“In the last month or so, the price has stabilized,” Heffernan, a Melbourne-based client adviser with Austock, said in a phone interview today. “There won’t be significant moves. The trend of the price may gradually ease down, but it won’t fall off a cliff.”
European governments are in talks to resolve the euro-area debt crisis, with German Chancellor Angela Merkel and French President Nicolas Sarkozy yesterday saying leaders may complete work on their fiscal compact by Jan. 30, one month ahead of schedule. Coordination between the European Central Bank and governments suggests Europe’s sovereign-debt situation will improve, Mohit Kumar, head of European interest-rate strategy at Deutsche Bank AG in London, said yesterday.
“Europe seems to be settling down and the worst is behind it, so the flow on effects to China should see less volatility,” Heffernan said. “China will still perform well economically and will be stable, so I don’t think we’ll see iron ore prices either shoot through the roof or collapse.”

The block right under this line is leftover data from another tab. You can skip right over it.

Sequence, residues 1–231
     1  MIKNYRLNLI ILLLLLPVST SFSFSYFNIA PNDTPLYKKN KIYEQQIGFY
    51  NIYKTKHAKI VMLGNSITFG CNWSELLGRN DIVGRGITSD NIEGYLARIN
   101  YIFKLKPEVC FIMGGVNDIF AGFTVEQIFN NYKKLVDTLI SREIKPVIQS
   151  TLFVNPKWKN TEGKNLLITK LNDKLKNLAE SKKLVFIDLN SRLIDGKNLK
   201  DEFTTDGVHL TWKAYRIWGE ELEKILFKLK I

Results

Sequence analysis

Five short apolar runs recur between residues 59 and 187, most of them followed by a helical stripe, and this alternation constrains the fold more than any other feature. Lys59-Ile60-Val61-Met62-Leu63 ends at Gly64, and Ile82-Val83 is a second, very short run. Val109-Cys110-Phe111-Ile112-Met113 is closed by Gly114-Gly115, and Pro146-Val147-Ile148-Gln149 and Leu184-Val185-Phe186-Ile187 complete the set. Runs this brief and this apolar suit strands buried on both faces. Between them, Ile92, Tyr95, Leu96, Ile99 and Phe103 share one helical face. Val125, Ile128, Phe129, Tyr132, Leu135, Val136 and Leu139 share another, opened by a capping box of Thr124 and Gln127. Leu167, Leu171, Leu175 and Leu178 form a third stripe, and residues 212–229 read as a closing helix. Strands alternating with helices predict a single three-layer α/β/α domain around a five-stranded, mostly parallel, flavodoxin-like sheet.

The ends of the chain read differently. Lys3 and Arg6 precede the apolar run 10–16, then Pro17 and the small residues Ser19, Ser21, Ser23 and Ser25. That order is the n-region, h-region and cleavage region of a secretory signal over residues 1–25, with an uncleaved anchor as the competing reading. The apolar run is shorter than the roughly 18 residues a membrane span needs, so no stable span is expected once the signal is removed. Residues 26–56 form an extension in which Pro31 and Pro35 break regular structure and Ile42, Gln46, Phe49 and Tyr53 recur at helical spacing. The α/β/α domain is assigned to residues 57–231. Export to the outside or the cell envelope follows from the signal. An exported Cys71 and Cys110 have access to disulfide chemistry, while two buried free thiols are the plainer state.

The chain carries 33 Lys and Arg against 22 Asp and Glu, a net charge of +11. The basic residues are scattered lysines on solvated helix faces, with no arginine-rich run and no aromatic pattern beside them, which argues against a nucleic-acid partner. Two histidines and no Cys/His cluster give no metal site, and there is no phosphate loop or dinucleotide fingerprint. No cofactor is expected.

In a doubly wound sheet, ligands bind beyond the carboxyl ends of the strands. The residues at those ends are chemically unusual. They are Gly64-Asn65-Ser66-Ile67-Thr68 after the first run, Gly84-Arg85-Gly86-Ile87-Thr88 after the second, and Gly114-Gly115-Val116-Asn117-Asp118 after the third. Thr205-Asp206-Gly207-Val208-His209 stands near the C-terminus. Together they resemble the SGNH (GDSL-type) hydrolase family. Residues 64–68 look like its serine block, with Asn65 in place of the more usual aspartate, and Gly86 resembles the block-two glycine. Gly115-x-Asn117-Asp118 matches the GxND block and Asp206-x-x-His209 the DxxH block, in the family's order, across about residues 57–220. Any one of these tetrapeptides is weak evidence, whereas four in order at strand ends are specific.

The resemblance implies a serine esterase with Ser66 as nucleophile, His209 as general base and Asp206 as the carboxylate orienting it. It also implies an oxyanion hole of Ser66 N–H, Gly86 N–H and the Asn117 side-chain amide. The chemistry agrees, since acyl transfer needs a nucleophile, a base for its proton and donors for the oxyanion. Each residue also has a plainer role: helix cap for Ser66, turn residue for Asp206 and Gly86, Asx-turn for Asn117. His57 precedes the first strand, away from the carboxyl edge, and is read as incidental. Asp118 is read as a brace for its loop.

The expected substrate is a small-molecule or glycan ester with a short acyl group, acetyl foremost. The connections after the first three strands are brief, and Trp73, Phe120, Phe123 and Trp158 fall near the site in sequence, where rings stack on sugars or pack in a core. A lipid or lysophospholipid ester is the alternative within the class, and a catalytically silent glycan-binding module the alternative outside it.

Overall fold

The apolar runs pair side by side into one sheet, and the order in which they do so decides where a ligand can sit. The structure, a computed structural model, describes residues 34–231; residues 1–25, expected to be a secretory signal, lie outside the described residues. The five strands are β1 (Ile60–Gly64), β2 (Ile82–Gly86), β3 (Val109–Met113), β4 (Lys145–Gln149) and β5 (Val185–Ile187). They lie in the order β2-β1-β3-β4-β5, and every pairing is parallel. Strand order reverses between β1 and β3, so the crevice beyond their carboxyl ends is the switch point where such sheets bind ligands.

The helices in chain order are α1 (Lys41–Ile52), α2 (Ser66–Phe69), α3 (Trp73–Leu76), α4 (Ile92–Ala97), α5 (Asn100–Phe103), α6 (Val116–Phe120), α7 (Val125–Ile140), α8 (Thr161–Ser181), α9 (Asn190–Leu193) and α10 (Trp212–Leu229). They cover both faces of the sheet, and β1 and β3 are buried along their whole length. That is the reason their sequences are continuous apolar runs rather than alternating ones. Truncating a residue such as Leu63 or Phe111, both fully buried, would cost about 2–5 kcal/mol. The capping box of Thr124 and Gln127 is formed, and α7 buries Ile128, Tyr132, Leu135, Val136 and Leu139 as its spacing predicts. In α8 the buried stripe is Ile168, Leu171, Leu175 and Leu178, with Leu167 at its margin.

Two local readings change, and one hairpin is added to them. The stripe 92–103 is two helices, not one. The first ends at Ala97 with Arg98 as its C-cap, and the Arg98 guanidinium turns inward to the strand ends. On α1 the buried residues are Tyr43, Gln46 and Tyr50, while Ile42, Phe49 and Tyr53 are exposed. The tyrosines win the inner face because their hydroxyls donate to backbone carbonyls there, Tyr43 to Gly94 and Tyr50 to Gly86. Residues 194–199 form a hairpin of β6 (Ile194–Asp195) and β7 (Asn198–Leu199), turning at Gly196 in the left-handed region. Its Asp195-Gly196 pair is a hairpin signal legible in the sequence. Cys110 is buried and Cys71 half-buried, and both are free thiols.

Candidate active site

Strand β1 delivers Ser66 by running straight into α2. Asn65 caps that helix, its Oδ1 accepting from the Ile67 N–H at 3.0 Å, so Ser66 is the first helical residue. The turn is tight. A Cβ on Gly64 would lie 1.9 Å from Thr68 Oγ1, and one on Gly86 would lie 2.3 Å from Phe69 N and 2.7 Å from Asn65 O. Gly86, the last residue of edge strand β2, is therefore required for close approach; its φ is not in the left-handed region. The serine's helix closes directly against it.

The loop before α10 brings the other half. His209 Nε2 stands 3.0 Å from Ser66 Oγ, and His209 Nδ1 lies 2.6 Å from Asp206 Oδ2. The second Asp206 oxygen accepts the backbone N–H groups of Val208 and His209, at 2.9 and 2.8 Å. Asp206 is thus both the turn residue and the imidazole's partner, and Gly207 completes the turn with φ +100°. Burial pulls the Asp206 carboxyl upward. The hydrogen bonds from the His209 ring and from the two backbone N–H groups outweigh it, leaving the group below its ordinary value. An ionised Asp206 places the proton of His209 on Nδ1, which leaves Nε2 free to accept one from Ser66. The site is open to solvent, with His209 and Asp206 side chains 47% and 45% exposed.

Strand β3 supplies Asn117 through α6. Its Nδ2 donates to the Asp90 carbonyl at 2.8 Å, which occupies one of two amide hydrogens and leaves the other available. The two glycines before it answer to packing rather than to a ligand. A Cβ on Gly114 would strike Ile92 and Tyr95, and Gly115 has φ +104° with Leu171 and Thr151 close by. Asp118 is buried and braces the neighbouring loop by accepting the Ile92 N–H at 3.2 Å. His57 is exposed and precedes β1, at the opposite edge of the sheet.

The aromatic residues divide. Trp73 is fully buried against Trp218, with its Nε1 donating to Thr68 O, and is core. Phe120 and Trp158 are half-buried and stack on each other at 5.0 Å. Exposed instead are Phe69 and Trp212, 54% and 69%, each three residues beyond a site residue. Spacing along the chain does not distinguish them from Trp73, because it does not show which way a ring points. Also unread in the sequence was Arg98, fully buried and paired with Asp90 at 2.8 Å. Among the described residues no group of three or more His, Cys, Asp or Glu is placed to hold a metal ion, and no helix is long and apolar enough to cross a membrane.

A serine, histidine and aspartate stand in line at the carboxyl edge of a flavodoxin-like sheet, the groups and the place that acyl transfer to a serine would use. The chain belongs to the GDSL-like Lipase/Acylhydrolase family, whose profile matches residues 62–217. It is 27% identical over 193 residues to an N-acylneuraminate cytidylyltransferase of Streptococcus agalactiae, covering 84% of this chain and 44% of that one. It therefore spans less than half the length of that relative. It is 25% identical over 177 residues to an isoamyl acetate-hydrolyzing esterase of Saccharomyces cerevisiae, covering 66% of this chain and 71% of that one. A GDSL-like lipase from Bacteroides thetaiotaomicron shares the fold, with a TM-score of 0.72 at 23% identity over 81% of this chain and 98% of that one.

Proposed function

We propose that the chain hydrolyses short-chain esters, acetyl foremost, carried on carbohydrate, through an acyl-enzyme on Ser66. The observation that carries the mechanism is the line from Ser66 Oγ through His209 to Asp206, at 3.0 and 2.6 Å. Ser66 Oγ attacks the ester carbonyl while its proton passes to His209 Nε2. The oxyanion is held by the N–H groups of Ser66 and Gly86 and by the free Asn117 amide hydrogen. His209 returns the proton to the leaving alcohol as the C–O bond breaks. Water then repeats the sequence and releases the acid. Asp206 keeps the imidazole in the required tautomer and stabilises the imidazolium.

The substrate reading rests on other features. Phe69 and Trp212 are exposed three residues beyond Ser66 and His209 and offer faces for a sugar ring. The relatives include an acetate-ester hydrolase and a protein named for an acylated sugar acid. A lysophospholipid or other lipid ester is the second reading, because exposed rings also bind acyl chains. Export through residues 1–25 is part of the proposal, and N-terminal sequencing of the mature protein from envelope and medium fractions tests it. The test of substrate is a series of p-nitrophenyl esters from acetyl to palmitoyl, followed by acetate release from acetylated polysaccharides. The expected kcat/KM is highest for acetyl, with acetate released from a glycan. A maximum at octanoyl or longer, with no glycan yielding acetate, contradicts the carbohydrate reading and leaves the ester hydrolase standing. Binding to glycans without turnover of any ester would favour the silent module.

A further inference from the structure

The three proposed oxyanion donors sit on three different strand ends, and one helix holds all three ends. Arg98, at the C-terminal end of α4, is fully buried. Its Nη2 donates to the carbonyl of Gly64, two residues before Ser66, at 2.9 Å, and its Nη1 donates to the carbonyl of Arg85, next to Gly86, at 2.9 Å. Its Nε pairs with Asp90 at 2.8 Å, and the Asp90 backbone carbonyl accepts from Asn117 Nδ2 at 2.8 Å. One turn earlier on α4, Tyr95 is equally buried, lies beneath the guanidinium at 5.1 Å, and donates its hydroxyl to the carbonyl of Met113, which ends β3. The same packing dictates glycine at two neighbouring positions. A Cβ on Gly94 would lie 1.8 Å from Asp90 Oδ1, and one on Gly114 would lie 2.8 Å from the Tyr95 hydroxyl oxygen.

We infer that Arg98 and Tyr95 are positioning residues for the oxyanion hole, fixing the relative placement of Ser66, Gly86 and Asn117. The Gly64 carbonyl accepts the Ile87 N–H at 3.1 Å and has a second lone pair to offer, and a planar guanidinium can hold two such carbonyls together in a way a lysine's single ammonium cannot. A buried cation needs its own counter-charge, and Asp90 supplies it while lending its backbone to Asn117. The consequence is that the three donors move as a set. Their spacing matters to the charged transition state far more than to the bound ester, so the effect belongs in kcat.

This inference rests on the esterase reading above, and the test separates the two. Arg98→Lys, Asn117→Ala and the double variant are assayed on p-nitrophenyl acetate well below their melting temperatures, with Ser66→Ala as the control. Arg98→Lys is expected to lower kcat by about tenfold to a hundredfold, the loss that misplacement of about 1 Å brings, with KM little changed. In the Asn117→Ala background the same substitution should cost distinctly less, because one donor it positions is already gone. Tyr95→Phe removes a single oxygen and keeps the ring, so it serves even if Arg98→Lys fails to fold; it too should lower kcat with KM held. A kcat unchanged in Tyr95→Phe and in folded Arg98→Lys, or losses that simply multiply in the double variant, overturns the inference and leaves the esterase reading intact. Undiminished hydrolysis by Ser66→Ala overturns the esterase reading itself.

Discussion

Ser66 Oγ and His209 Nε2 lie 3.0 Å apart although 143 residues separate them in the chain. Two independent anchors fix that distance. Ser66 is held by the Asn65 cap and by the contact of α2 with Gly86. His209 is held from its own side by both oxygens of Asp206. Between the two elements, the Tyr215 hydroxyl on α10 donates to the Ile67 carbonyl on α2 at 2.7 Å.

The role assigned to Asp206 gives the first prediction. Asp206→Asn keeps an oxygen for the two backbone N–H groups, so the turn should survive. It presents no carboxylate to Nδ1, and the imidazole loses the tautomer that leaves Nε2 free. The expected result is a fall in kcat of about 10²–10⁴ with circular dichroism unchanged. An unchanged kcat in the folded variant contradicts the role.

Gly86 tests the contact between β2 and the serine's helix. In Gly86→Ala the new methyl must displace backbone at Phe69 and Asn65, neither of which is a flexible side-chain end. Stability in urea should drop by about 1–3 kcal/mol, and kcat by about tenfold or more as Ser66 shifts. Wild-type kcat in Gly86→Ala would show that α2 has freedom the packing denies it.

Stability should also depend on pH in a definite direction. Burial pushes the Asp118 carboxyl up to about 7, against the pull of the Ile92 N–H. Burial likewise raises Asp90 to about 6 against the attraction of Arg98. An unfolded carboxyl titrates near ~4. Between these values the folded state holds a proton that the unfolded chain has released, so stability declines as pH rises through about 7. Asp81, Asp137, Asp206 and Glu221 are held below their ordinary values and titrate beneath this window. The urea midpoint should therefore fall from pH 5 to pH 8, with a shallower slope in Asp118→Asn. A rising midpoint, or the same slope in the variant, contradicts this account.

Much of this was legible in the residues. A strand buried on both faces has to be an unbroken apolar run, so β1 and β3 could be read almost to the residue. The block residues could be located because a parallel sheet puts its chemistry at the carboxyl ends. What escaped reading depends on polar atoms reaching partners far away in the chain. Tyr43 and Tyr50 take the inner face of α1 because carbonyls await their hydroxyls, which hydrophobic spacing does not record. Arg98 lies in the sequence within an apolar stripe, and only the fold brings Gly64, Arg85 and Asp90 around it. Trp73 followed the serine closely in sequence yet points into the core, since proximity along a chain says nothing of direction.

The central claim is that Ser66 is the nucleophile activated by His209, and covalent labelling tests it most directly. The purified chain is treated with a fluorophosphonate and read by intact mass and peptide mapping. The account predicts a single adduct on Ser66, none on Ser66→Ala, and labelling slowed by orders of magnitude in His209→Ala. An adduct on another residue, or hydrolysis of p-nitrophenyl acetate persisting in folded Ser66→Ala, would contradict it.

Iron ore with 62 percent content delivered to the port of Tianjin traded at $140 a metric ton yesterday, unchanged from Jan. 6 which was the highest price since Nov. 25, data from The Steel Index Ltd. showed. Prices tumbled 31 percent in October in the biggest monthly loss since December 2008, before rebounding 11 percent in November.
China’s steel output has dropped for six straight months, falling to 49.8 million tons in November, according to data from the World Steel Association. The cost of hauling iron ore and coal fell to a four-month low, extending this year’s decline to 47 percent, amid concerns a slowdown in China will curb steel production, the biggest driver of global shipping demand.
Still, China’s steel industry may rebound faster than in other regions, which will be positive for iron ore and coal because of the nation’s dependence on imports, Credit Suisse Group AG said in a Jan. 5 report.